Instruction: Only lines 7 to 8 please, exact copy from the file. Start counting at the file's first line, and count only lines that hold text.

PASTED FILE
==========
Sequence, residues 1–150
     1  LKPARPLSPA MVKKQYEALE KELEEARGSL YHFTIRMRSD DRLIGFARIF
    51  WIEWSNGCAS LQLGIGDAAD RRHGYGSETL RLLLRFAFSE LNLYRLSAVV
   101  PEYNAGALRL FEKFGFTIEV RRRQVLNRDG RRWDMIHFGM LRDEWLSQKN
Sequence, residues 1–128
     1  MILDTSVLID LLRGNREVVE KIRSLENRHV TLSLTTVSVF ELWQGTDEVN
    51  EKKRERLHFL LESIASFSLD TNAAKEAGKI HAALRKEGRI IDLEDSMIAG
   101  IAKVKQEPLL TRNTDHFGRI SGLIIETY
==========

    51  EKKRERLHFL LESIASFSLD TNAAKEAGKI HAALRKEGRI IDLEDSMIAG
   101  IAKVKQEPLL TRNTDHFGRI SGLIIETY